Climbing Clueful Mountain

Ron Resnick (
Fri, 4 Apr 1997 05:53:51 -0500 (EST)

This is an open letter to Adam Rifkin (aka I Find Karma), and to Rohit Khare,
regarding their views on the future direction of universal component technology
and the web. Basically, I'm trying to goad them into opening their kimono a bit more :-).

In a recent offline email discussion, Adam and I exchanged these views:

At 04:03 4/1/97 PST, Adam Rifkin (I Find Karma) wrote:
>[Ron wrote]:
>> I'm also quite intrigued with your views on components maybe not being
>> the next Big Thing, and maybe something else showing up. Presumably
>> this has something to do with your/Rohit's paper on why http
>> is going to save us all:-).
>Yup, those two trains of thought both travel on the same track.
>> I would be quite interested in doing
>> a real intensive discussion of such ideas on one or the other of
>> d-o or fork. As I've mentioned, I can live with http or any tp
>> as a transport -in my view, they all need fundamental work to
>> be right, so they're about equally broken.
>True, it's just that I have a hunch how to fix http, and I'm not
>so sure how to fix the others.
>> It's your notion
>> that html, instead of compound docs,
>> is a sound place to start building distributed apps
>> that has me shaking my head.
>Yes, no one is ready to believe me on that one, yet.
>> I like the web as a basis for building a WON or a sogs or whatever
>> you want to call it because of its critical mass, its consciousness
>> penetration, its cross platfrom diversity. Not for its html, http or
>> url contributions which I dont expect to see remain intact and the
>> base for the "real thing". I think Java, and Beans, are the nucleus
>> for that.
>I guess I see it as: Java and Beans could not do their good work without
>using the underlying Web technologies for linking, markup, and transfer.
>And those underlying technologies could also form a layer on which other
>object models or component systems could be incorporated... that the Web
>facilities for linking, markup, and transfer form a universal piece of
>middleware for whatever d-o's happen to come along.
>> Can you imagine a www that's all beans and no html? why not!
>> (and my guess is you agree, at least partially).
>At least partially, yes. But I think that if you get linking, markup,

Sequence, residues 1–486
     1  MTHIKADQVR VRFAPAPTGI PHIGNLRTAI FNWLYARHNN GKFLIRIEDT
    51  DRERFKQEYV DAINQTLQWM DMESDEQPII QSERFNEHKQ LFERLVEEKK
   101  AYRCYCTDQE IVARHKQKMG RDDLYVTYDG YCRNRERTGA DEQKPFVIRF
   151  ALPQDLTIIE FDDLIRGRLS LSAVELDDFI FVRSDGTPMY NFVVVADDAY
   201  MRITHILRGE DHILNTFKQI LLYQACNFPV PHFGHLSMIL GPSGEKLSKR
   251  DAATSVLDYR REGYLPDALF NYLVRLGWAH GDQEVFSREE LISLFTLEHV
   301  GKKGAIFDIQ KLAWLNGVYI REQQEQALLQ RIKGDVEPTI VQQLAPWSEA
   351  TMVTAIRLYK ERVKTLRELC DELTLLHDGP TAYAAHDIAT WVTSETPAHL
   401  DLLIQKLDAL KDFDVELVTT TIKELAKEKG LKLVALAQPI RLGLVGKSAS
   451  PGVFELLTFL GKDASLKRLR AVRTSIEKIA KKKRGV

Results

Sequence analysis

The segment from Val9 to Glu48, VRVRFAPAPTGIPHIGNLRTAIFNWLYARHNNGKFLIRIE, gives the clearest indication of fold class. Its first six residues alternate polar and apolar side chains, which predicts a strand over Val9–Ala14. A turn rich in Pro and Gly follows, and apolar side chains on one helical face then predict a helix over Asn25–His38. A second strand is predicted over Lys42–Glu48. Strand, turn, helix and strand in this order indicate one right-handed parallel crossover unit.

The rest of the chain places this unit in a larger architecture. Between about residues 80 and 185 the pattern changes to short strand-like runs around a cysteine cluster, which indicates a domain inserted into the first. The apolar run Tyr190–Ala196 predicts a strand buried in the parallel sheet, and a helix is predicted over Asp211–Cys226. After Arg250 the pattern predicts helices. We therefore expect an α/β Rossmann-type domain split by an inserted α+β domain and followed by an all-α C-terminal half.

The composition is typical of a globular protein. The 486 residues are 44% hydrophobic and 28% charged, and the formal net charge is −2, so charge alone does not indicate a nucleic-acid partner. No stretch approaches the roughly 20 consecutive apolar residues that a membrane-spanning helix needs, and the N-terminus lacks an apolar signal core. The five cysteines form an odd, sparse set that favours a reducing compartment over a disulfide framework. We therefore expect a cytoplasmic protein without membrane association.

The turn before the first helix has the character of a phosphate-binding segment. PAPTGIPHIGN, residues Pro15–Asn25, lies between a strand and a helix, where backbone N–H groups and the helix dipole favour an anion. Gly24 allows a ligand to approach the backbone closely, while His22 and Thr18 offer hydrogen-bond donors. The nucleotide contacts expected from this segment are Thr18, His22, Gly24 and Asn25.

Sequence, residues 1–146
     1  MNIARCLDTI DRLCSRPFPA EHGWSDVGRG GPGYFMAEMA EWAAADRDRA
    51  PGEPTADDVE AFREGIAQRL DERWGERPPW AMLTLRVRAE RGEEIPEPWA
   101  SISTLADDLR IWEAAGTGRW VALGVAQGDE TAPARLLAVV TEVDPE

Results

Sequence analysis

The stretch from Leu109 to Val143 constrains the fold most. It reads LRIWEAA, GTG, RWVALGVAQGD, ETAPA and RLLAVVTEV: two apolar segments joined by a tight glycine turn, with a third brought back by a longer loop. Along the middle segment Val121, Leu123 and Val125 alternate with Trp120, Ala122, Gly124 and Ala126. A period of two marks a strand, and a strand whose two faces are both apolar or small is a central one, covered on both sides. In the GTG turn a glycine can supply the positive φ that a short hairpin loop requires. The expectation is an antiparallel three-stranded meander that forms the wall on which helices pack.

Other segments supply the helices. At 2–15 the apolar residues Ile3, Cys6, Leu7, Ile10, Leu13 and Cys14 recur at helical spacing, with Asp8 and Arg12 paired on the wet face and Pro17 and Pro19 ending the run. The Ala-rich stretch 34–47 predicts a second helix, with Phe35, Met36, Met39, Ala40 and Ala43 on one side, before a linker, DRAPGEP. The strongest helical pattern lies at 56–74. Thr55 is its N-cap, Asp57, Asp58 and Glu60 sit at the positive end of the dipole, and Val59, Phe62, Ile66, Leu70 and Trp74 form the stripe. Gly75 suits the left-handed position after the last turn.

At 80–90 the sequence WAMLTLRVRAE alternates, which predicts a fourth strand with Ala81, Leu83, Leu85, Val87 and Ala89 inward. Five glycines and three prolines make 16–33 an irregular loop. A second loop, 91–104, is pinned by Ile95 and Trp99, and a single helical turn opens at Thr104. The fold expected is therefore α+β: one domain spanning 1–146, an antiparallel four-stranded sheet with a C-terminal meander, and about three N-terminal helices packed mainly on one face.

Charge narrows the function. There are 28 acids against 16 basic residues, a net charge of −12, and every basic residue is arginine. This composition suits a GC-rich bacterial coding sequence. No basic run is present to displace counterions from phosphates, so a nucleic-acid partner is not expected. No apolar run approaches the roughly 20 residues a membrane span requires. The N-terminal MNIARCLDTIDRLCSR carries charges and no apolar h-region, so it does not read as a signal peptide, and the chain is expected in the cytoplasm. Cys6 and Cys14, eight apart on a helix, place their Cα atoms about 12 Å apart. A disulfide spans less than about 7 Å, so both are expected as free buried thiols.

>and transfer implemented correctly, other things will fall in naturally.
>That's just a hypothesis, though.
> :) Adam

Adam also said the following on FoRK a bit earlier, regarding Apple's
decision to ditch OpenDoc:

>Remember, they [Apple] can do components without doing OpenDoc. The
>Open Object Embedding work by Bjorn E. Backlund of Xanthus (see his
>paper in the SIG CHI Bulletin, January 1997, Vol 29, No 1) on the NeXT
>platform shows great promise for that platform to deliver a compelling
>compound document framework. Heck, the work Rohit himself did with
>eText in 1994 and 1995 foreshadowed this insight - that a compound
>document framework need not be complicated to be compelling.
>And again, they have Beans and CORBA and LiveConnect and ActiveX to play
>with if that "paradigm shift" does become relevant.
>I'm personally not so convinced anymore. I think another compelling
>technology could come along and make the world completely leapfrog the
>components idea. And don't ask me what it is, because I don't know.
>Just a hunch, that component models themselves are too complicated for
>people to want to use. Great for the small cabal who reads the jillions
>of man pages and figures out what's going on, terrible for everyone
>else, means that eventually everyone else will shut the cabal down.
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Well, as threatened, I've decided to call Adam's bluff and move this discussion
out into the open on both d-o and FoRK (sorry for the duplication to
subscribers to both lists - I had to hit Rohit, who's on FoRK but isn't on d-o,
but these are the kind of issues I generally like to deal with on d-o, hence
both lists).

Actually, I'm quite intrigued by Adam's views (presumably shared
by Rohit). I've been thinking about them a fair bit in the last few days,
with the following synopsis, based on the ubiquitous 97% rule
(ie, 3% of the population "get it" at any given time, while 97% don't.
If you have to ask what "it" is, you don't get it.).

So, here is a climb up "Clueful Mountain", where each level is a 97%
plateau, and the rest of the mountain is a 3% above it:

97% of the population at large don't really get any of it at all.
Network computing, distributed systems, object computing, and the
urgent, pressing impact of these things on humanity at large doesn't sink
in to the vast majority of folks, even with all the Internet hype we've had
in the last few years. To the average Joe (as opposed to the 2 distinguished
Joes on our lists), the whole Internet thing is just a passing fad,
kind of like CB radio.

Of the 3% that can get beyond that, 97% of them are your typical web
jockeys - html, cgi, cookies, hotmetal, frames'n'forms, navigator-gold types.
Sure, the web is real. Sure, e-commerce is around the corner. Yup, we
need better security. But the paradigm is basically to take the web of
today, and just do more of the same - tons and tons and tons of it, ad nauseum.

Now we're up to the 3% of the 3% who can see that the web of today,
even spiffed, isn't enough. 97% of _them_ realize that what's missing is
a robust computing model for building distributed apps. And once you're
talking about *computing* on the internet, java comes out more
or less in the same breath (as well it should). These 97%'ers are the ones
who are all raring to go out building piles of applets all over the place:
write once, run everywhere - but how exactly do we glue all the applets
together? No idea from these folks - applets are cool just on their own,
thanks very much.

So now we've got 3% of 3% of 3% who can see that just computing on
the web isn't it - we need a component model, and a proper distributed